Blower + accessories collage
Main picture: The overall view
Top left to right: Blower + battery charger (which can be wall mounted); The battery end
Bottom left to right: Battery release button; Check how much charge is left at the touch of a button

This year is different, as I'm now the proud owner of a battery powered leaf blower courtesy of the kind people at STIHL. I collected it from my local dealer, who were most helpful and showed me how to use it properly. This is a relatively simple piece of kit, though the first time I used it I still managed to forget the battery needs to be clicked twice into place for it to work. Silly me!

The blower is light (the battery is the only noticeable weight), quiet (much quieter than my neighbour's one) and powerful. NAH - who's an engineer with exacting standards - says the build quality is good.

The job out front, plus our side garden and patio was completed in 10 minutes with plenty of juice to spare (the battery lasts about 20 minutes per charge). I loved blowing out the leaves from behind my patio pots without having to move them - a chore I tend to avoid. It also cleared out the leaves stuck fast around the drains in the road, which is good as these are at the bottom of a slope.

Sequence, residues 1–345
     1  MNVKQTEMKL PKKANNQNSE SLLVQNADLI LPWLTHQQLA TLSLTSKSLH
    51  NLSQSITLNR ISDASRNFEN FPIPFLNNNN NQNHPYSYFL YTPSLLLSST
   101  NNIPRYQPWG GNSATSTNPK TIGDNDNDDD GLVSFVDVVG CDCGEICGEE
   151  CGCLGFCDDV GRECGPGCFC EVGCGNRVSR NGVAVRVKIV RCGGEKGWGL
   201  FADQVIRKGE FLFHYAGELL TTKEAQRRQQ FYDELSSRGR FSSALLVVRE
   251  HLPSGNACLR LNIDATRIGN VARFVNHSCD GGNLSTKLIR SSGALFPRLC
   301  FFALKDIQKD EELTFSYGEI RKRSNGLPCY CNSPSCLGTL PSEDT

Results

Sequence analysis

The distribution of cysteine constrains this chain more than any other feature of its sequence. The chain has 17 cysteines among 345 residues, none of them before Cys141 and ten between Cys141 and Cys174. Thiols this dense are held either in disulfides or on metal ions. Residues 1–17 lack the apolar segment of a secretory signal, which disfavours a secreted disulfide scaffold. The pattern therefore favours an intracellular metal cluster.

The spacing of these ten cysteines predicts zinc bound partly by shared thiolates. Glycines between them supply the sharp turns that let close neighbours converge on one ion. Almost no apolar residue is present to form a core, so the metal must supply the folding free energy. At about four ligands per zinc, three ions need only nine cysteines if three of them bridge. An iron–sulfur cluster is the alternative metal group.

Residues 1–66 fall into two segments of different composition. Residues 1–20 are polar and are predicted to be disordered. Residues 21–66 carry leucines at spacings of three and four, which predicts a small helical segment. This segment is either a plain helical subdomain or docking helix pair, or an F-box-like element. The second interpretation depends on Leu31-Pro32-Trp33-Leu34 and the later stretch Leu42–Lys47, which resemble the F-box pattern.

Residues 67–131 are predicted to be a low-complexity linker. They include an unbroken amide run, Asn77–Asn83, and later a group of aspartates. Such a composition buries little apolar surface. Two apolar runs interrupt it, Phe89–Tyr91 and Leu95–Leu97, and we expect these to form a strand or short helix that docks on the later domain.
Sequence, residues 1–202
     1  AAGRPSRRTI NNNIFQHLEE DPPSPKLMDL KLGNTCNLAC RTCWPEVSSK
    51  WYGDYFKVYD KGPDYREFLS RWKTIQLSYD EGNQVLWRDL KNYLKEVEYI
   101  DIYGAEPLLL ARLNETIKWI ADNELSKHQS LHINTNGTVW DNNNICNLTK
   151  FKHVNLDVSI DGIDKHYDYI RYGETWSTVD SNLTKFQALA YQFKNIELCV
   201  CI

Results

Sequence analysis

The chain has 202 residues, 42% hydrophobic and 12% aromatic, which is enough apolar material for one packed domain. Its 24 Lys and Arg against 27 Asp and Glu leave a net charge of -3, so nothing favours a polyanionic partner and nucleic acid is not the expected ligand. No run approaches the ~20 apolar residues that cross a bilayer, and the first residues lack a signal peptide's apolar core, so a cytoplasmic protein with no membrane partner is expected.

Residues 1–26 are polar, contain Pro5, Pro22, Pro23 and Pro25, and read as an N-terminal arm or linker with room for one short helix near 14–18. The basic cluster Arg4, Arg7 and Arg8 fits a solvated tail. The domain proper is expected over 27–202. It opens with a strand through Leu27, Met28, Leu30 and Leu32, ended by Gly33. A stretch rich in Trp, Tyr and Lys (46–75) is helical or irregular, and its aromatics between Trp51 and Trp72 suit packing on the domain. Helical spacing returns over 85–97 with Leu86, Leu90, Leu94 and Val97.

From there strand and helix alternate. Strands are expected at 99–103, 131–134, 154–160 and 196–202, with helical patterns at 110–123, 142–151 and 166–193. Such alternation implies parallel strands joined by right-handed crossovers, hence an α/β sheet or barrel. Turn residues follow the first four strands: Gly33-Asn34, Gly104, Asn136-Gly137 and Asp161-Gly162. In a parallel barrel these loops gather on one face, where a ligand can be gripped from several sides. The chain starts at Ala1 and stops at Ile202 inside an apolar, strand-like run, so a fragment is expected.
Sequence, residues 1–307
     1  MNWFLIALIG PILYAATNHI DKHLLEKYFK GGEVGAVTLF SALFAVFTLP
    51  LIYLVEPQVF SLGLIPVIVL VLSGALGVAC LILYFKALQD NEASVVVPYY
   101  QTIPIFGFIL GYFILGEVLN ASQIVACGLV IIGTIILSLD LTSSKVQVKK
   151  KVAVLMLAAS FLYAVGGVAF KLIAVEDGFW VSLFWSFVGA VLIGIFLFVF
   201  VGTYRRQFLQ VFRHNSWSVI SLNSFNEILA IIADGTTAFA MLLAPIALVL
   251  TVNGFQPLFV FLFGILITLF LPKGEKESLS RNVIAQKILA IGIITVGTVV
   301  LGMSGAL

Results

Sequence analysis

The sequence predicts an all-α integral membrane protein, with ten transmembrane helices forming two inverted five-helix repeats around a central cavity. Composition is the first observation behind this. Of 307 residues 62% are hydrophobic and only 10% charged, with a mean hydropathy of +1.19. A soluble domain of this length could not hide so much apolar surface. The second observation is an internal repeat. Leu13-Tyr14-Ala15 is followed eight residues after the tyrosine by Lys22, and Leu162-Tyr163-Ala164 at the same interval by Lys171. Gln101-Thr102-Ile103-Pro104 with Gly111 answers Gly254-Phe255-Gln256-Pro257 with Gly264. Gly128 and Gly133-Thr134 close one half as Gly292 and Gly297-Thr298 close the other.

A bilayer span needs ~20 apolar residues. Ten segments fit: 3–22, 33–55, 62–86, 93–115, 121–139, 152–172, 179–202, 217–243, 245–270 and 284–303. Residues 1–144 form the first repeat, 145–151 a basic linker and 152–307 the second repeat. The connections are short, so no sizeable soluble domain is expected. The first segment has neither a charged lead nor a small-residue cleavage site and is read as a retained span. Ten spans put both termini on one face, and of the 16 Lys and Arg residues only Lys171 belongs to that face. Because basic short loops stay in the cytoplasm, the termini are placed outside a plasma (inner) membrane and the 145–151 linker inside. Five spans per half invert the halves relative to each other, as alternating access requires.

A job which used to be a chore just got so much easier. It also means I've future proofed my gardening, and we can do our share for our neighbourhood. As for NAH and me, marital harmony has been restored now we have the right gadget.

This blower retails at around £199. There are cheaper ones on the market, but the ones I've researched are less powerful and/or have a shorter running time per battery charge.

The blower in action
The blower in action - my thanks to NAH who agreed to pose and use the blower for this post  

Friday, 23 September 2016

Unusual Front Gardens #24: Keep it simple


I don't usually go for coleus, but these three simple pots round the corner catch my eye every time I go past them.

They're placed below a window at the end of a drab drive, with colours that blend with each other well and also complement the brickwork of the house. This photo was taken on a dreary day and their fieriness helps to lift the gloom.

I think they're fabulous, how about you?



Latin without tears


Coleus is another plant which has undergone a name change recently, though like aster it remains as the common name and is considered to be a synonym of the genus Plectranthus

Most of the coleus we grow as ornamental plants are classified as Plectranthus scutellarioides. I haven't found the meaning of Plectranthus yet, and scutellarioides means it resembles the genus Scutellaria. This genus name is derived from the Latin scutella, which means a small dish or bowl and describes the appearance of the fruit's calyx.

Update September 24th: Diana left a comment which illustrates the joy of blogging. She's found the meaning of Plectranthus for me:

Plectron = spur and anthos = flower. From: Plantzafrica website
The website adds the words plectron and anthos are Greek in origin.